So, five years ago, today, I started writing here at SOHOMan.  It's kept fairly steady, except for a big gap when I changed jobs in 2008.  But now it's back, going strong.

I thought I'd celebrate by sharing some of the better articles, some of the ones that have been a bit more timeless, more impactful.  Keep in mind that some were written 5 years ago, so they might contain a few dead links or references to old companies.  I feel strongly that the concepts in them are still vital and important today, however.

Some of these deal more directly with web marketing issues, like SEO, getting traffic, and making a great web business.  Other articles are all about motivation and persistence, two big keys in Internet success. 

Dive in and feel free to comment!







Mark is currently in the curriculum Department of an internet and SEO training company. Mark also has other sites and blogs, including Mark's Black Pot - Dutch Oven Recipes, MarkHansenMusic.com and his MoBoy blog.

Monday, November 02, 2009

New Rules: Endorsements, Testimonials, and Reviews

Web marketers have been reviewing products, getting their products reviewed, and gathering testimonials for many years, but the rules are changing.  The FTC recently announced new rules that apply to web marketers, bloggers, and social network users as well as more mainstream traditional advertising, like celebrity endorsements.

The basic gist of the new rules are that endorsements, reviews, and such are fine, so long as any benefit arrangements between the endorser and the company are disclosed.  For example, if a star quarterback endorses a sports/energy drink, they have to state in the ad that he's getting paid for saying so.  If a blogger reviews a product that the company provided him/her for free, he/she has got to say so.

Where before, to not say up front who's being paid for what was simply bad manners in the internet community, now it can actually result in lawsuits and fines.

Here are a few more articles you can read about it: "FTC Sets Endorsement Rules for Blogs", and "Bloggers Covered by Endorsement Rules, Says FTC".

So, how do you do it so as to not get into trouble?  Well, fortunately, the rules are really just saying what you should have been doing all along.  If someone sends you a product for you to review at your blog, and they expect you to keep it, say so.  If someone pays you for an endorsement, or for a review, post that.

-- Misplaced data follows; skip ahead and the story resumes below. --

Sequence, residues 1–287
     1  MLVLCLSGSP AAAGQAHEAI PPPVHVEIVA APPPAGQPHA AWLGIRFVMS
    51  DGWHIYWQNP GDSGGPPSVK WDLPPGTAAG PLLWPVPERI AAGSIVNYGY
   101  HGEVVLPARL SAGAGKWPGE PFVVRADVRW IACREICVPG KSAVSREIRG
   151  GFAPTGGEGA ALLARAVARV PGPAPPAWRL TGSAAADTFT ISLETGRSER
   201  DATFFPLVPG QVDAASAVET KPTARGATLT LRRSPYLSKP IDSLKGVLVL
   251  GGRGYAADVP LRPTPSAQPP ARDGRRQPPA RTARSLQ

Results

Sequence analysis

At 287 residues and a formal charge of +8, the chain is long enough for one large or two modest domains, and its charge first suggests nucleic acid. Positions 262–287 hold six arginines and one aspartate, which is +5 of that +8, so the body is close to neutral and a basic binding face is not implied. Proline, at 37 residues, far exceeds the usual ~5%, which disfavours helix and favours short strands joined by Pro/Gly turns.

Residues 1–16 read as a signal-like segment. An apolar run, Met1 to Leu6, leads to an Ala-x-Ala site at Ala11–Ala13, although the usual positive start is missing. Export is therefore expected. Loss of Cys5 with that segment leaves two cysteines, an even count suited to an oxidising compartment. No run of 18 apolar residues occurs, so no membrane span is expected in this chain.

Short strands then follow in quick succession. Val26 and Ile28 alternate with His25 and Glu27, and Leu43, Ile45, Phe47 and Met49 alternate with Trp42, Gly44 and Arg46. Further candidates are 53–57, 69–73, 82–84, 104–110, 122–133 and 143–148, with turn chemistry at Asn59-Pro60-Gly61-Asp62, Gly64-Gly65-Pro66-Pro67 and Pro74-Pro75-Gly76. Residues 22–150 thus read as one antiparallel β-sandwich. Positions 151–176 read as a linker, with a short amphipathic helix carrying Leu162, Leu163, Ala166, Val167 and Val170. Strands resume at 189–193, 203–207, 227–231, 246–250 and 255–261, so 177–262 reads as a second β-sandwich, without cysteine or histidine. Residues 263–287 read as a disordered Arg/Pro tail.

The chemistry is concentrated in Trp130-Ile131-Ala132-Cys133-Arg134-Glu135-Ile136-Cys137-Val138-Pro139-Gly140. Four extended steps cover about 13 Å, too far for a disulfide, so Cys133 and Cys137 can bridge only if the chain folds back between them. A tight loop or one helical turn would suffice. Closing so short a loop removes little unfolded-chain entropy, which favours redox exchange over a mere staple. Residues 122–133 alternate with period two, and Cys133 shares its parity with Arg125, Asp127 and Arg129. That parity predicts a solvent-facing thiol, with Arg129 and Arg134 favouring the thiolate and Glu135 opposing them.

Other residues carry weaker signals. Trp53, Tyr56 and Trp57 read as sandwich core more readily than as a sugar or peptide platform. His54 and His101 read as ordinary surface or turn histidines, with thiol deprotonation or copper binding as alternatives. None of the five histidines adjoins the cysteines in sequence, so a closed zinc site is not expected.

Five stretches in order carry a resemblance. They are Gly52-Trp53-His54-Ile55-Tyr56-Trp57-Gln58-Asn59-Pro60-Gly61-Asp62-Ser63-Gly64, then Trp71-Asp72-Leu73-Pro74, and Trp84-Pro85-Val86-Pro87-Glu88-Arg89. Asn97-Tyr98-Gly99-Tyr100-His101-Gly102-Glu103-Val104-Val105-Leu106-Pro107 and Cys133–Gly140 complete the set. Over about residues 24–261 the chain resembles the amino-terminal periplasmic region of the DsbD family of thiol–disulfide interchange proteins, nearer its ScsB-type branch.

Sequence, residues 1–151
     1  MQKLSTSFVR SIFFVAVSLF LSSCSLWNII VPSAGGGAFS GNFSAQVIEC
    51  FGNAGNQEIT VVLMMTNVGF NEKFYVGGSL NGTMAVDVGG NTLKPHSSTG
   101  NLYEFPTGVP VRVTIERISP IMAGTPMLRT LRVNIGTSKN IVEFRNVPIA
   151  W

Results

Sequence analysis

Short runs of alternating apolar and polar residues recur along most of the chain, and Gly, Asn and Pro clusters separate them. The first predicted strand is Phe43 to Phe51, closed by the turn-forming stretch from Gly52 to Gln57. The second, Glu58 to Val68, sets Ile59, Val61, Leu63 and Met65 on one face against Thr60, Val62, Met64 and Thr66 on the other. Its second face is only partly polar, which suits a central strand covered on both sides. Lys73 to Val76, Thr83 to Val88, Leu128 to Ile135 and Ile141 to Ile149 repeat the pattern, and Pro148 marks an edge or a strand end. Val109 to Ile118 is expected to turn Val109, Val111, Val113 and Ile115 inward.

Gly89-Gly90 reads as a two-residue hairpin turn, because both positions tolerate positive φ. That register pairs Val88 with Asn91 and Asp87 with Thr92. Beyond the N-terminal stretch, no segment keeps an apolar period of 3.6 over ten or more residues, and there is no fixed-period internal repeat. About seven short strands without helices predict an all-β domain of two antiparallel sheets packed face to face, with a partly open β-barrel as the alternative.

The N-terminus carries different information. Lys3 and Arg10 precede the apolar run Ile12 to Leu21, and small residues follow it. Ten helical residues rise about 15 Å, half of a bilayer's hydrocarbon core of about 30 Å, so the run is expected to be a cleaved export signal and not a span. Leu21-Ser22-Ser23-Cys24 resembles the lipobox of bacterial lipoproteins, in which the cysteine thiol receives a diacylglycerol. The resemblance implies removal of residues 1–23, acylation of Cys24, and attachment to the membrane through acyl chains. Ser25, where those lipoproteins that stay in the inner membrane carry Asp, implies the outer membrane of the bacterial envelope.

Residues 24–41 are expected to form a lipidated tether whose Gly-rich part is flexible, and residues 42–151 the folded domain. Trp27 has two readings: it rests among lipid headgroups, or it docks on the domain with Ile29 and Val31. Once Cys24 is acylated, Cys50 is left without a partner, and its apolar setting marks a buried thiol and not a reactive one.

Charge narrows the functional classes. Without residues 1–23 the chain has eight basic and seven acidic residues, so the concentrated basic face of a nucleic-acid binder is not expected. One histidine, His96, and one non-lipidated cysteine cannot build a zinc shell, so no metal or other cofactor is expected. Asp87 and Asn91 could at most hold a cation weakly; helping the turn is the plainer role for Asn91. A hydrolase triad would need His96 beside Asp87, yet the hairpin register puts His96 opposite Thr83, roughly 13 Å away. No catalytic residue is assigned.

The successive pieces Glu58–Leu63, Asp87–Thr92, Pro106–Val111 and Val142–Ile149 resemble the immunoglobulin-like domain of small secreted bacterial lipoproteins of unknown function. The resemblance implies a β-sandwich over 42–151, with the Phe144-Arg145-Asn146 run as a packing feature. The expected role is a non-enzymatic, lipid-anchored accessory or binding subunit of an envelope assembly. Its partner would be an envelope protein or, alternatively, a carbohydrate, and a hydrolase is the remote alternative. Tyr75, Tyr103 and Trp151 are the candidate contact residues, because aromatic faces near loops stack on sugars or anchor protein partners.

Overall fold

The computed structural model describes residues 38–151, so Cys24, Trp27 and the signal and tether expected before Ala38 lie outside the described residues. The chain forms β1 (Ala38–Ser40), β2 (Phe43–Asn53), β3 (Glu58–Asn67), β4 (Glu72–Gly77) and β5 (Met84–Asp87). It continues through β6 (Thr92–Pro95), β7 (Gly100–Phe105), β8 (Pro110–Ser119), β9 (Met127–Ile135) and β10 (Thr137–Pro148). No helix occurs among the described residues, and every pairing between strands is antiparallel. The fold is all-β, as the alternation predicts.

Unfortunately, it's a little unclear how the rules of affiliate links and other ads should be handled, according to the law. Do those fall under the "traditional advertising" stipulations?  Personally, if it were me, I would recommend noting the affiliate links as being such, even though savvy surfers should be able to recognize a link to amazon.com as an affiliate.

A lot also depends, I think, on how you write your product reviews.  If your reviews are little more than thinly-veiled ads for the products, then few people will take them seriously anyway.  On the other hand, if you write your product reviews from a very balanced perspective and ask yourself, "What would my audience need to know about this product to make a good buying decision?" your reviews will come across as very useful and balanced anyway.  If you write to inform about the product, instead of just to praise it, you'll do better. 

"If you like such-and-such, and you're wanting to do this-other-thing, then this product will help you because it does this.  However, if you're not interested in this-other-thing, then you'll probably pass on buying this item."

Writing the disclosure can be done in several ways.  You could simply put a "disclosure statement" at the bottom of your review post:  "This product was provided to the author for free for purposes of this review."  Or: "The author was paid for this endorsement".

You could include the disclosure information directly in the review:  "My first impression of the product was that their packaging was great!  I opened up the box they sent me and saw that..."

Testimonials could be shown the same way, with a notice at the bottom saying, "Uncompensated opinions", or whatever you do.

Another thing that's unclear is how retroactive these new rules will be.  As a blogger, I've got hundreds of posts over years of blogging on 4-5 different blogs.  Those blog posts are still active on the web.  Do I need to go back and make sure that I've carefully attributed all of those posts?  A lot of these questions, it seems, still need to be sorted out.

And while it's also not clear how the FTC is going to go out and police the millions of blog and social network postings that happen daily across the net, they do have two very strong ally groups in the fight to keep you compliant with the rules:  one is your competition, and the other is any disgruntled clients/customers you might have.  It will help to dot your i's and cross your t's from here on out!

Mark is currently in the curriculum Department of an internet and SEO training company. Mark also has other sites and blogs, including Mark's Black Pot - Dutch Oven Recipes, MarkHansenMusic.com and his MoBoy blog.